Following on from our results produced in [5], we wanted to further decrease the heart rate error. Computing a non-exhaustive grid search over some of the hyperparameters for the CNNR returned an average HRE of 13.62%, a decrease of nearly 7 percentage points from that of the CNNR without optimisation. We chose, number of epochs, learning rate and the train-test split as some parameters to optimise. The results for the optimisation process have been graphically presented in Figure 9 below. To the authors knowledge, this is the best result using CNNs adapted for regression to estimate heart rate data from raw, noisy PPG sensor data.

Fig. 9: Heart Rate Error using our Optimised CNNR

V Conclusion

The approaches used in this paper yield highly competitive results for HAR even though only the optical signal is used. This demonstrates that more cost and power-efficient wearables are possible through the exploitation of secondary information available from a simple optical sensor. This suggests single-sensor based wearables can achieve much of the functionality and capabilities of more complex multi-modal wearables.

The sampling rate did not have too much of an adverse effect on the performance of the algorithms. Interestingly, the CNN performed better at a 10 Hz sampling frequency compared to 15 Hz and 30 Hz. The reasons behind this have not been fully investigated.

Perhaps what was the most surprising from the results presented in this paper was the heart rate estimation results. We demonstrate how a CNN regression approach is capable of robust heart rate estimation even during periods of high artefact. The performance, particularly during these high artefact scenarios, was superior to conventional signal processing approaches for such estimation as demonstrated by the relative performance of the open-source tool kit HeartPy which served as a baseline here. Furthermore, this heart rate estimation performance was sustained even at reduced sampling frequencies. Notably sampling the sensor at 5 samples per second just as well as all other sampling frequencies, including the original 256 Hz.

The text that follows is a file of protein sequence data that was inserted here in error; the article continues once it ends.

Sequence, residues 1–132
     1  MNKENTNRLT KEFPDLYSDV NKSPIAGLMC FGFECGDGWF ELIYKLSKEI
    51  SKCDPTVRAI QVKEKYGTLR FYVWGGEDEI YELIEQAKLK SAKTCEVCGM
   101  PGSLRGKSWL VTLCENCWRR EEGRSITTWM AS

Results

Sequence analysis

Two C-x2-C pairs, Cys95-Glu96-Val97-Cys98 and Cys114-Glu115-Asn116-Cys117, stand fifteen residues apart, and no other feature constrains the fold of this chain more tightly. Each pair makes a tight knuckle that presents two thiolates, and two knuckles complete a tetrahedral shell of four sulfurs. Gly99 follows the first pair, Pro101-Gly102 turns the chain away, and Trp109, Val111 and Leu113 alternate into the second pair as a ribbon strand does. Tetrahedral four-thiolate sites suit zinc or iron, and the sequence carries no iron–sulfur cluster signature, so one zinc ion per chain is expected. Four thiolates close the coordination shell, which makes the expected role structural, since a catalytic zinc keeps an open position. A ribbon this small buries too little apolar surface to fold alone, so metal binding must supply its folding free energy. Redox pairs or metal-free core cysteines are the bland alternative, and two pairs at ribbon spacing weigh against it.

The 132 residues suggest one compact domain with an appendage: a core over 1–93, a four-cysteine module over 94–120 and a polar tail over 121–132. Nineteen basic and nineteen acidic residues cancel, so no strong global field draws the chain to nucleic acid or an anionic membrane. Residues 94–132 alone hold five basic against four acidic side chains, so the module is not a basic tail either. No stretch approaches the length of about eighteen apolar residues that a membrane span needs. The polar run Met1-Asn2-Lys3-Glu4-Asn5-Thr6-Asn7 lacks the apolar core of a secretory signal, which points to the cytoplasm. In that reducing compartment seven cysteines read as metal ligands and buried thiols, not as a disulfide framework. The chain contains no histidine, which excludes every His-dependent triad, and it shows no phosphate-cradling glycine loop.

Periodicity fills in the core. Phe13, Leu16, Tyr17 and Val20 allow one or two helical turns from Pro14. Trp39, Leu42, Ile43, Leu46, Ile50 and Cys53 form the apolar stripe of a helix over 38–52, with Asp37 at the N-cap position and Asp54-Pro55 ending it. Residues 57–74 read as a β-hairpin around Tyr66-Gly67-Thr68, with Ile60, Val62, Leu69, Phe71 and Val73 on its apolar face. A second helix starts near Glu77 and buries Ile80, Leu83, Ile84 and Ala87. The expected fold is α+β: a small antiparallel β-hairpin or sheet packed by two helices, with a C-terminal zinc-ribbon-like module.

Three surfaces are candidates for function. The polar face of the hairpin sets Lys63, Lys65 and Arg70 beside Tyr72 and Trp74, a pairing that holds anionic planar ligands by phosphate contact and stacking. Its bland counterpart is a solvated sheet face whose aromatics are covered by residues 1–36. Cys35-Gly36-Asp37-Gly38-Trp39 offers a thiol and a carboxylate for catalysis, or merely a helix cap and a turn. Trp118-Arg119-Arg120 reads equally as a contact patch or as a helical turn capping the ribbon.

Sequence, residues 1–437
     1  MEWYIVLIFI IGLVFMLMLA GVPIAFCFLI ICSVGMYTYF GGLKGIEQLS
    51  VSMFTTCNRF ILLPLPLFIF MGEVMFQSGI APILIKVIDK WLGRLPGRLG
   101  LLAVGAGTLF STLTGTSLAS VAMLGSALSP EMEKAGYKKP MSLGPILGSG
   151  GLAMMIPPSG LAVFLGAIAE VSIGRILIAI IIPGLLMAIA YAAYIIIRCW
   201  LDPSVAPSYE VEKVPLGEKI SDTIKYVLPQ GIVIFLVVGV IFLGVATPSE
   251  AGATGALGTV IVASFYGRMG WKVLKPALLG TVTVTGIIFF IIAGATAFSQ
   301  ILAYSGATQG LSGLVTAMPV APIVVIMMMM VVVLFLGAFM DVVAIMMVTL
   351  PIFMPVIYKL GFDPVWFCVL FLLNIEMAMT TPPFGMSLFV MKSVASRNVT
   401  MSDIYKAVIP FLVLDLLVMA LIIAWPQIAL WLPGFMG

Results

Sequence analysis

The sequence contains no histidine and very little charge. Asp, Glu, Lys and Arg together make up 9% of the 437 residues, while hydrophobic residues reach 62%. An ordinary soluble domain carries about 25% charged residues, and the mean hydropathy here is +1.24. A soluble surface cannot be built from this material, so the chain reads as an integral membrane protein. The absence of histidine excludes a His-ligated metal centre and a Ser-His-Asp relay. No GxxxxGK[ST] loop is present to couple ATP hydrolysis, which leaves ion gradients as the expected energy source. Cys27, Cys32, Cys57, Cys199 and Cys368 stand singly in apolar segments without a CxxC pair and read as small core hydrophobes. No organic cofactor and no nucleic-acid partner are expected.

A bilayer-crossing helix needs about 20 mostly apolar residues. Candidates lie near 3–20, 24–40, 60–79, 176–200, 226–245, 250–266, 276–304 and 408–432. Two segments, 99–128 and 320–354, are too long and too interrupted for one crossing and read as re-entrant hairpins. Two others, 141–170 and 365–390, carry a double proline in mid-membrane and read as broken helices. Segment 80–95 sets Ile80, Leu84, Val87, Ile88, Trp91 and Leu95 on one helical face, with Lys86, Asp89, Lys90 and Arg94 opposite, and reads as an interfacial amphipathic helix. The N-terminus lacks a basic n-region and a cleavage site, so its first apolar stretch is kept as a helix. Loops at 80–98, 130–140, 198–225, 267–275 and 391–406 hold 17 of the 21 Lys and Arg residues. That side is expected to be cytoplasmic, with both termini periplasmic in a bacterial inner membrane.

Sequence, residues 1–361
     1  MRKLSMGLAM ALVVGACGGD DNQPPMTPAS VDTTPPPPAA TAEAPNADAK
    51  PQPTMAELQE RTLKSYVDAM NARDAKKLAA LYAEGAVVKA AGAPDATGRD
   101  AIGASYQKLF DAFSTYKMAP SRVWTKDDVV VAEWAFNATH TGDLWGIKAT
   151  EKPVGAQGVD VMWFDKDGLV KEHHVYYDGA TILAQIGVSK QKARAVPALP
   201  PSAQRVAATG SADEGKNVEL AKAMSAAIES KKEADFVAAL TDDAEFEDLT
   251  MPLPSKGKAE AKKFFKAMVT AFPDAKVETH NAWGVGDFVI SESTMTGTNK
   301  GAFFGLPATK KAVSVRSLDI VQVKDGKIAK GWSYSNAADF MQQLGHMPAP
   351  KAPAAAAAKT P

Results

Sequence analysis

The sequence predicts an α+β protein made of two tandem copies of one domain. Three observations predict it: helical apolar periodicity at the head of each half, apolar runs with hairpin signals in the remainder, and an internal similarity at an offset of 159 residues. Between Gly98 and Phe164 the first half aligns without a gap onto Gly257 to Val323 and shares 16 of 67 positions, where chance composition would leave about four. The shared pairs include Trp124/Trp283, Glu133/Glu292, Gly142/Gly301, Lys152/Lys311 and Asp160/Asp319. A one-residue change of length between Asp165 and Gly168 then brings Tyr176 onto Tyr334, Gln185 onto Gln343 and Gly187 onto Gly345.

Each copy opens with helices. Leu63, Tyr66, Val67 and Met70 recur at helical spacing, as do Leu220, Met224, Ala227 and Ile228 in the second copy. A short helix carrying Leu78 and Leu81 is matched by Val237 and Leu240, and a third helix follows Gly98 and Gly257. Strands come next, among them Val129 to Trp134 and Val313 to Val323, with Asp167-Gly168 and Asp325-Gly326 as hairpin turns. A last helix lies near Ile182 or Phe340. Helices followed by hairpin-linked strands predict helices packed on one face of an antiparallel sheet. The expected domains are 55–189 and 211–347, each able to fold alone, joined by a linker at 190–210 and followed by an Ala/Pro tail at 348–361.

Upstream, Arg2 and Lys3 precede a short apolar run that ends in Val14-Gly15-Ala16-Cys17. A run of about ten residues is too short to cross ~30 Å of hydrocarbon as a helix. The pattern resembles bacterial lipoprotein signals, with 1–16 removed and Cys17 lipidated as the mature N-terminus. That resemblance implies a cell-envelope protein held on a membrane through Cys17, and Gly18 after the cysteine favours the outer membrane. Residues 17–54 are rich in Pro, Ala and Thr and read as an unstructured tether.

A pervasive computing approach to wearables is taken here. Using a low power wearable with a single optical sensor and a sampling frequency of 10 Hz we can demonstrate compelling performance both in heart rate estimation and human activity recognition. This has the potential to reduce costs, improve battery performance and encourage wider adoption of digital technologies to a larger population and allow the transition to personalised, patient-centred preventative models of healthcare. Increasing access and affordability to these technologies will in turn lower costs and the strain on public healthcare expenditure, as well as helping to improve overall wellness.

Acknowledgment

We gratefully acknowledge the support of NVIDIA Corporation with the donation of the Titan Xp used for this research.